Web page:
Lariccias donate to give abused animals a voice
RELATED: Officials chew over countywide humane solutions
By DENISE DICK
Anthony and Mary Lariccia will contribute $50,000 annually to Animal Charity so that animals continue to have a voice.
The Vindicator (Youngstown)
Dave Nelson, Mahoning County dog warden, holds one of several puppies he found Wednesday under a porch on Halleck Street on Youngstown’s North Side. The puppies will be taken to the county dog pound, given their shots and made available for adoption.
The contribution will continue until the agency regains its financial footing, the township philanthropists said.
The agency, the only humane agency in Mahoning County, decided Monday that it would no longer provide that service because of financial problems.
That meant there would be no one to respond to calls of animal abuse, cruelty or neglect.
The Lariccias, who are animal lovers, read the story about the changes in Wednesday’s Vindicator and called the agency offering their assistance.
“We don’t want that agency to close down because the animals have no voice,” Tony Lariccia said.
Mary Lariccia said the family tries to help when animals, the elderly or others who can’t speak for themselves are in need.
“When I went to bed last night, I thought of all the innocent animals that didn’t have anyone to care for them,” Mary Lariccia said. “It really bothered me. It kept me up.”
Mahoning County needs a humane society, she said.
“We need to help those poor innocent animals,” Mary Lariccia said. “We’ll provide $50,000 every year until they can get on their feet.”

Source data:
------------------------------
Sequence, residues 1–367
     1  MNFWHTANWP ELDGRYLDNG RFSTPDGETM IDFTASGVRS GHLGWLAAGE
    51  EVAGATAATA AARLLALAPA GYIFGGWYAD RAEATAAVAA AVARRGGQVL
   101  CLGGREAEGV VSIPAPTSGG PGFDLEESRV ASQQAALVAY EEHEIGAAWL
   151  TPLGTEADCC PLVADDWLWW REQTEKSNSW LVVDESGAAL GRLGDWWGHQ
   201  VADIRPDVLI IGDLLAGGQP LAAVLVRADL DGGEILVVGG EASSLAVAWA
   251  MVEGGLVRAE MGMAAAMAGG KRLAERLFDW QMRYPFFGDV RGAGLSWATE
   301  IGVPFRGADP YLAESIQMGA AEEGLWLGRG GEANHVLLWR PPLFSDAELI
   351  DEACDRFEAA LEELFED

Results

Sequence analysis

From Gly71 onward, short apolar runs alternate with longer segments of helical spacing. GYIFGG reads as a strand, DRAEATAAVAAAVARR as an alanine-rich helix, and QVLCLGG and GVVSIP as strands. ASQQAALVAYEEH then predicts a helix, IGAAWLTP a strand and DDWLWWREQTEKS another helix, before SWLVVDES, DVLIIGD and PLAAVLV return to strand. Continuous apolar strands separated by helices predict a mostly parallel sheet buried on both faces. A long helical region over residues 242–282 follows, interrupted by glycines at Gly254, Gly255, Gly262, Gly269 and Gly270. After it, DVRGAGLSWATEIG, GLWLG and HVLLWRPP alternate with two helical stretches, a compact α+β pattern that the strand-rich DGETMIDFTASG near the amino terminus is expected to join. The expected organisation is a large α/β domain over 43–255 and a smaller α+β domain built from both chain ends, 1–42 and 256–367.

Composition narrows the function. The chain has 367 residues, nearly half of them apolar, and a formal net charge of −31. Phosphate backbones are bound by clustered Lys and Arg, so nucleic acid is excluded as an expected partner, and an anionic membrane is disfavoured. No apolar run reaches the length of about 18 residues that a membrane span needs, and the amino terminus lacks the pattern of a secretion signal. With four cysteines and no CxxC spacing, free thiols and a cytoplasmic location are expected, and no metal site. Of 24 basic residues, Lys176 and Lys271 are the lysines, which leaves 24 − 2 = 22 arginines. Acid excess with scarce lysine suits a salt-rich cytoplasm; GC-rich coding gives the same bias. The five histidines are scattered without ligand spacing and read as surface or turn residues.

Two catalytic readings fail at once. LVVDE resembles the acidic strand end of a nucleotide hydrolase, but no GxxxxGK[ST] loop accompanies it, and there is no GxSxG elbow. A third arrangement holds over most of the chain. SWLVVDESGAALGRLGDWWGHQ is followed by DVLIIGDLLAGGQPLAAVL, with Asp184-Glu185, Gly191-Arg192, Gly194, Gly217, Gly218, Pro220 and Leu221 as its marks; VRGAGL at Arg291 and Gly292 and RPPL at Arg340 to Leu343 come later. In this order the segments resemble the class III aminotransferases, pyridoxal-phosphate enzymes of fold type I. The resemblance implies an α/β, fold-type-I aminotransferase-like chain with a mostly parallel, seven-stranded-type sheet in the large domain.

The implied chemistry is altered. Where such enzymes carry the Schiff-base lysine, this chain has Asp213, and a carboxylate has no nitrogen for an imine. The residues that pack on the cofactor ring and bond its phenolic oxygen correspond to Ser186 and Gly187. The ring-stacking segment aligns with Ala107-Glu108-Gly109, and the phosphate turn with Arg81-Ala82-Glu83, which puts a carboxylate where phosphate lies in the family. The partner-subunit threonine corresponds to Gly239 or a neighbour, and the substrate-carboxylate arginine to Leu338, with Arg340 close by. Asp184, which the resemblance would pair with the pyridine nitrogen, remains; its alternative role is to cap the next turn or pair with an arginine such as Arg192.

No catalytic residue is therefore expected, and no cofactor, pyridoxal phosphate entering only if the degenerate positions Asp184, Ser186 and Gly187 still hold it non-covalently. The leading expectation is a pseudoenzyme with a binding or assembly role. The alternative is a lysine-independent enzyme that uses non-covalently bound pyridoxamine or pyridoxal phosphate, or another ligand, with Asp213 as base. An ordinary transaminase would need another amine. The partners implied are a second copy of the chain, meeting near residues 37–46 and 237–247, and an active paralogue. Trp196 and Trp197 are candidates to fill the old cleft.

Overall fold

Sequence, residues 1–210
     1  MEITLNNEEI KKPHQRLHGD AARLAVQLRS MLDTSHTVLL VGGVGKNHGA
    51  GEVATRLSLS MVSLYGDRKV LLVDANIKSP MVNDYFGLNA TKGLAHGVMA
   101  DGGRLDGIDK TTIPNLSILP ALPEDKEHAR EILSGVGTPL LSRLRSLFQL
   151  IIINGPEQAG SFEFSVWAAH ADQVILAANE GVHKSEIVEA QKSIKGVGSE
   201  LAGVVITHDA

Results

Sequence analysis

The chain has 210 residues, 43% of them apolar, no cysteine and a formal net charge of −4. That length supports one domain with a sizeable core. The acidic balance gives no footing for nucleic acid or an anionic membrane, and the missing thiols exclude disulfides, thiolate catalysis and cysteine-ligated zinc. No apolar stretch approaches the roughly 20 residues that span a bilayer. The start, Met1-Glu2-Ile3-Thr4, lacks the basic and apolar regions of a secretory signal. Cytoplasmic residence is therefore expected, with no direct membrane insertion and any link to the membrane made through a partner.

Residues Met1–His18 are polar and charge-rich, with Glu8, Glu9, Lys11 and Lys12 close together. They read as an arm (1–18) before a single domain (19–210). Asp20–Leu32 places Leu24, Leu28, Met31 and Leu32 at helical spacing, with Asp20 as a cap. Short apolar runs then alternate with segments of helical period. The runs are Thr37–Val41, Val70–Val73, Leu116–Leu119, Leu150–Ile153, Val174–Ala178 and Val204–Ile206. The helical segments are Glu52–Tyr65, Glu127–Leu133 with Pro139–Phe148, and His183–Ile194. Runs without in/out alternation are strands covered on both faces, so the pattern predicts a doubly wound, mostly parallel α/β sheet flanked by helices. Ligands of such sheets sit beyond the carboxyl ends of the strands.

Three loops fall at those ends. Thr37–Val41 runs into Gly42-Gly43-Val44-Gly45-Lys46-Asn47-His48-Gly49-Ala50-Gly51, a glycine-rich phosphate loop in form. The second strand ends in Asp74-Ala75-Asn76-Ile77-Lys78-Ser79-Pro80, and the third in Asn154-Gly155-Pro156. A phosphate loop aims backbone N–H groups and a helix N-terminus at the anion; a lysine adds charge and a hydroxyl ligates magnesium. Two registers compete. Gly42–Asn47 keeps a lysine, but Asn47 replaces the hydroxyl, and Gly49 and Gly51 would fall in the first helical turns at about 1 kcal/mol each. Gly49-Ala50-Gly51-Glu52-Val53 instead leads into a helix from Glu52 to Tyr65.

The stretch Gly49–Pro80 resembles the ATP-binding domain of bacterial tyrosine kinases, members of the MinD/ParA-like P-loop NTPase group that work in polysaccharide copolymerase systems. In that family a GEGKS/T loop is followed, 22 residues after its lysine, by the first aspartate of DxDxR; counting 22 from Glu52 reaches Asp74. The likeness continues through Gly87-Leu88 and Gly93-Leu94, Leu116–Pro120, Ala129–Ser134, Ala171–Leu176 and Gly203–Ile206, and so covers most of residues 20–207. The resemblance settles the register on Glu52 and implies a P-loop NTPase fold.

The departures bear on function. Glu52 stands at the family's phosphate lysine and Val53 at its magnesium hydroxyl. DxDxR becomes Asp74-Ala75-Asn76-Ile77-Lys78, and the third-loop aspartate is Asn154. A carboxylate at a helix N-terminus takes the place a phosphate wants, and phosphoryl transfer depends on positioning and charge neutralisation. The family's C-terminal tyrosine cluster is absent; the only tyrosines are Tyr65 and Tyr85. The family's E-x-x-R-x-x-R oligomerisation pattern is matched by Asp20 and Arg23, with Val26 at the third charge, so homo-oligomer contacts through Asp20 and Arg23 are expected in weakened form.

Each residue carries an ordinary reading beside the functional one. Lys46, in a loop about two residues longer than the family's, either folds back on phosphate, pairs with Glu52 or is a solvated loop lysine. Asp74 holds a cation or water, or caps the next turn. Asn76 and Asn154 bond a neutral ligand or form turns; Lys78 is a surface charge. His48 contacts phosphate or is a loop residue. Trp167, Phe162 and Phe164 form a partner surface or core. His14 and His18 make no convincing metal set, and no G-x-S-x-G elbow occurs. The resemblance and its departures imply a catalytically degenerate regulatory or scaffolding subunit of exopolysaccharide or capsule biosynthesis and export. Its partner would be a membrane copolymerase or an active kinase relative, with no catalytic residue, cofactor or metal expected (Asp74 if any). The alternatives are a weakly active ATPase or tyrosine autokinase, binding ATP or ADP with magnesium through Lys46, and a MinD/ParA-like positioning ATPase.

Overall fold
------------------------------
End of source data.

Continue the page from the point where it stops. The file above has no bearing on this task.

Gary Pilcher, chairman of the Animal Charity board, said the couple’s contribution saved the agency.
“The most urgent problem is Friday’s payroll, which now we’re OK with,” he said. “We’re still sorting through all of this. This will keep us afloat. It doesn’t mean we’re flush with cash and can sit back and relax.”
The agency’s problems are multi-faceted, Pilcher said.
“We’re trying to get a handle on this,” he said. “We have unpaid bills from last November.”
How precisely the donation will be used hasn’t been determined, but the humane-agent position will be restored. It won’t necessarily be the same person who previously occupied that position though.
“A huge part of [the Lariccias] interest was they said they worry about the abused animals and that they can’t sleep at night,” Pilcher said. “The first order of business is going to be to trying to get that back on track.”
He said an emergency board meeting might be scheduled as early as today.
Pilcher expects the board will restaff the eliminated positions — the humane agent, chief executive officer and two part-time caretakers — although they may not rehire the same people.
He said the Lariccias donation “literally saved us. We might not have been able to pay people on Friday.”